Norfolk Admirals Report - Starting the season

ST. LOUIS - SEPTEMBER 20: Carter Ashton #15 of the Tampa Bay Lightning moves the puck up ice against Anthony Nigro #54 of the St. Louis Blues during a pre-season game at the Scottrade Center game on September 20, 2011 in St. Louis, Missouri. (Photo by Dilip Vishwanat/Getty Images)

I attended the Norfolk Admirals second game of the season last Saturday, without an idea as to what I'd wanted to cover. I'd decided early on that I'd pick out a few players, and report on what I saw. So I randomly chose right wing Carter Ashton, left wing Cory Conacher, center Tyler Johnson, and goaltender Jaroslav Janus, who was in net that night.

What I hadn't realized at the time was that Ashton, Conacher, and Johnson were on the same line. They started the game as the second line, and then they were put out together to start the second power play of the game, and during that first shift, they scored a goal. Specifically, Ashton scored on a deflection in front of the net on a Mark Barberio shot.

Ashton did not look like a player straight out of junior hockey. He was confident, knew where he needed to be, taking shots, and throwing hits if needed. Though, he's not a terribly physical player in that regard - throwing hits - he doesn't shy away from the physical play in the corners or in front of the net. At one point, one of the Charlotte Checkers players tried egging him into a fight, but he walked away - and also held his teammates back from jumping in on his behalf.

At 6'3", he towered over his linemates - especially Conacher. Johnson's listed at 5'9", and he probably is, which Conacher's listed at 5'8". Johnson's got a couple of inches on Conacher, so I doubt very much that Cory's really 5'8". Not that Tampa Bay Lightning fans have any problems with shorter hockey players, right?

Conacher is fiesty and fearless. This is a guy who doesn't know what "can't" means. Think of what Martin St. Louis was probably like just out of college, and you'd come close to Conacher. He's got the tenacity of Marty, and the fiestiness of Steve Downie - but in a less impulsive way, from what I could tell. This is a guy who knows that he'll have to prove himself all the time, and isn't afraid to prove the nay-sayers wrong.

Johnson, no knock against him, looked like he was playing in his second professional hockey game. Don't get me wrong, he still played very well, but he did look like he was right out of junior hockey, which he is - a touch overwhelmed and still trying to get used to things. He centered the line, and did very well at it. I can't imagine how he's going to look mid-season if he's already playing this well now. He is also fearless, but is more apt to pick his spots than barreling in like Conacher is - he's just a touch more restrained that way.

Ashton scored one the power play, and ended up with just one goal on the night. Conacher ended the game with one goal and two assists - one assist for each of his linemate's goals. Johnson had one goal and one assist on Conacher's goal. The line had a total of three goals and three assists for this particular game.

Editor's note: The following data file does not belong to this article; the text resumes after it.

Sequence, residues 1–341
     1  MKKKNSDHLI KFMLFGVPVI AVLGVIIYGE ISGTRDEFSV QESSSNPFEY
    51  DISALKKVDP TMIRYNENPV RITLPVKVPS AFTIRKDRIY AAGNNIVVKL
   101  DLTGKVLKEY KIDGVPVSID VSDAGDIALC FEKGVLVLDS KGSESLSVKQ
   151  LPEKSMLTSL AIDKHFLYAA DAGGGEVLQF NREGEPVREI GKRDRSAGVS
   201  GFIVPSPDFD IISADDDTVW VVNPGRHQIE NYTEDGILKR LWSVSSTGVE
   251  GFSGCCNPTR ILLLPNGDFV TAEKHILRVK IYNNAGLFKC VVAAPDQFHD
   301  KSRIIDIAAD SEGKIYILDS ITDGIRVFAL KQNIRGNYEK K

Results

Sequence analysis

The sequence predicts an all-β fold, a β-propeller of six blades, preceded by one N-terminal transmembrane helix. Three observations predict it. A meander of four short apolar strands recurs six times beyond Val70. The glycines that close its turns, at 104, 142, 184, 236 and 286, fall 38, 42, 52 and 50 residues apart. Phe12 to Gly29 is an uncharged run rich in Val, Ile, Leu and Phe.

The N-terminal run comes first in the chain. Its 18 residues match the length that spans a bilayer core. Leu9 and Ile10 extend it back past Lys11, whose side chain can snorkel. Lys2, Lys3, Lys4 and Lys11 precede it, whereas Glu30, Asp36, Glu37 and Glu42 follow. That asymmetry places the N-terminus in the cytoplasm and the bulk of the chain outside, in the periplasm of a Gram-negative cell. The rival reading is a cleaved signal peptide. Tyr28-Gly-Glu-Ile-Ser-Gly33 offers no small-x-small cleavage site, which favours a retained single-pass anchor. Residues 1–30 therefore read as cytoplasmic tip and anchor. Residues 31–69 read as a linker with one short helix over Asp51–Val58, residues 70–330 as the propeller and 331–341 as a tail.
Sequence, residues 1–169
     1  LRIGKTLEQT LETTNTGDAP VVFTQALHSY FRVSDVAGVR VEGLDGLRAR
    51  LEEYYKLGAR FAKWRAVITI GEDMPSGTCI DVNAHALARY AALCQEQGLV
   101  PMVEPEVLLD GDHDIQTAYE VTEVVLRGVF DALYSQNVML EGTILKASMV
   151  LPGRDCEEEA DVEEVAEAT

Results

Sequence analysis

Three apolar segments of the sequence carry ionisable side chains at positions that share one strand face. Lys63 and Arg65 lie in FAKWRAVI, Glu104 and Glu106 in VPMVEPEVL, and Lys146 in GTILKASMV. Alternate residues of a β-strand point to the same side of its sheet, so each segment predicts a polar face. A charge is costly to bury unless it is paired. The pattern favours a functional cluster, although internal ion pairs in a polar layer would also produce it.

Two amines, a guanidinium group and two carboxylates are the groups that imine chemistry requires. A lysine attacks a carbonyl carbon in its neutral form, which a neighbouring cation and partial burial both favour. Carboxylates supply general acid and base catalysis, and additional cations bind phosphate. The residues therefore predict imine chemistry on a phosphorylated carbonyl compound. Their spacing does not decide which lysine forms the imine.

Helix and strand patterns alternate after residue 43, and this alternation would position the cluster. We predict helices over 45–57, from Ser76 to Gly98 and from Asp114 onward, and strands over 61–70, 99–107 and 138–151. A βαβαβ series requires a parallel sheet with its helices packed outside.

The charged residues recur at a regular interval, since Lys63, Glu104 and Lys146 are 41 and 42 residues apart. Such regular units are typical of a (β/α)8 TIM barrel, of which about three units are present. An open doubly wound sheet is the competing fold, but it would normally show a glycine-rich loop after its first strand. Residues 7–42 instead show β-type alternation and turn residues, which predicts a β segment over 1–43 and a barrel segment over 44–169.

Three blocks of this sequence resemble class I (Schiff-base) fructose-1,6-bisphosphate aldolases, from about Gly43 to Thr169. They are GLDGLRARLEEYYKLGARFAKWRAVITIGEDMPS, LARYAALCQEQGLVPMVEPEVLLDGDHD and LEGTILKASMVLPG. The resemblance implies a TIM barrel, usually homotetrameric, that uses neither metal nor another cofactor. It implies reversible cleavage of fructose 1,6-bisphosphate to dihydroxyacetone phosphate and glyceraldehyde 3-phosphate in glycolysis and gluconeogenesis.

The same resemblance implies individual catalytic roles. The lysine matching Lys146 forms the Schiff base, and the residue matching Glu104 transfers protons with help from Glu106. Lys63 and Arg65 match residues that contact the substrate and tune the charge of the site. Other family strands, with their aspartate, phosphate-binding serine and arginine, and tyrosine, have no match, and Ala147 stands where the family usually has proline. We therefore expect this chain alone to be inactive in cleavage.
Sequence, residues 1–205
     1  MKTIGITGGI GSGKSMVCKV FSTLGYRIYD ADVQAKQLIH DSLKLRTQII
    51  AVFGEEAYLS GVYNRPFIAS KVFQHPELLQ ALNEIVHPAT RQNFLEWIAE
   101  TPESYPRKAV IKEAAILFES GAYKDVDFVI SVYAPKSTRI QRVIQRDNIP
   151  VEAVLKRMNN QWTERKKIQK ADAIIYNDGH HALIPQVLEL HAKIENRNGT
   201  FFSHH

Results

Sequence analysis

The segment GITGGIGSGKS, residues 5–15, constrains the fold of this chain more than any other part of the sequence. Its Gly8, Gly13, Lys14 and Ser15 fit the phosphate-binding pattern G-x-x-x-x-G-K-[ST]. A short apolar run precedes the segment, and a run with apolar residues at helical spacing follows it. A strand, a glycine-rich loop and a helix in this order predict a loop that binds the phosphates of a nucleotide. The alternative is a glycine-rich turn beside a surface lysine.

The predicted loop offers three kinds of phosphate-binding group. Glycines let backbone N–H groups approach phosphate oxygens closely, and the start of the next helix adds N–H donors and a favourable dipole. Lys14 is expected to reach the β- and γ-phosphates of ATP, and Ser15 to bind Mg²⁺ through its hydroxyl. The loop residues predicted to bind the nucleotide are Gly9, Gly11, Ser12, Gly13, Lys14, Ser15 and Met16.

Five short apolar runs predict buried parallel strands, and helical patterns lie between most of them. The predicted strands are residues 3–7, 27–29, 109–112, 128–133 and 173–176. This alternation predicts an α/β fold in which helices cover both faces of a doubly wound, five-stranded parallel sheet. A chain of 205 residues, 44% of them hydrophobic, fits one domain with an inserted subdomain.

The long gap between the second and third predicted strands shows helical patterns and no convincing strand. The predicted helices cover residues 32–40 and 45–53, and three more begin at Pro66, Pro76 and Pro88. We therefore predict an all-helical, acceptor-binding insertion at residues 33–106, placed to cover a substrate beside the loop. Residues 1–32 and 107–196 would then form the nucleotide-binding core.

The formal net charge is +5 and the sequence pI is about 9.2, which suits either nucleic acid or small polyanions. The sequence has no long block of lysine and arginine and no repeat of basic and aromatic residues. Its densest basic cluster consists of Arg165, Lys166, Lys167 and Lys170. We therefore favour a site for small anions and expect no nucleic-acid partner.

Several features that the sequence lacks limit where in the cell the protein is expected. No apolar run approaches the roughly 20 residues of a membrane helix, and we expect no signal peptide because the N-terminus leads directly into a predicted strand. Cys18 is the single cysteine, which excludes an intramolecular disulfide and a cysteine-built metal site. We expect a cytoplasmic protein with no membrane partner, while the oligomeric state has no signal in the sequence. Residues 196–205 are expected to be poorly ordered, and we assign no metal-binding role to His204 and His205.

As for Janus, he played a very good game. The final score was 4-3 Admirals, and two of those goals that Janus allowed in he was screened. The last goal was a bit of a softie, and that unnerved him at the beginning of the third period. He calmed down soon afterward, though. He didn't see quite as much action as the Checkers' goalie did - shots were 44-29 Admirals - but he definitely kept the team in the game.

I saw Janus play once last season, and it wasn't a very good game. He looked shaky and nervous. I was told that he tends to be an up and down sort of goalie - he's a bit streaky. So I caught him on a good night.

He's one of the few stand-up goalies around right now, as most goalies these days tend to play in a butterfly style. So he stayed up on his feet, and was pretty mobile, especially laterally. To me, he looked like he could work on his angles a bit more.

Interesting note: The Admirals did not have a captain selected. They had three A's - defenseman Mike Vernace, left wing Mike Angelidis, and right wing Michel Ouellet. There was a ceremonial puck drop before the game, however, and Vernace took it. I have no idea if they're not going to select a captain at all this season, or if the C will be awarded later.

Overall, the team was very much in a similar spot to the Lightning, in terms of general play. They let a lot of odd-man rushes happen, and they sometimes had problems with turning the puck over in the neutral zone. The defense wasn't spectacular, but it worked alright.

The bottom line was that the line of Conacher-Johnson-Ashton was brilliant and the goaltending was pretty good, while the rest of the team was still trying to find their way.

I'll be back down there in about a month to check things out again. If you have any suggestions or requests, please leave them in the comments. Keep in mind that I'm just seeing a single game snapshot of the team, and not the general trends over many games at a time.

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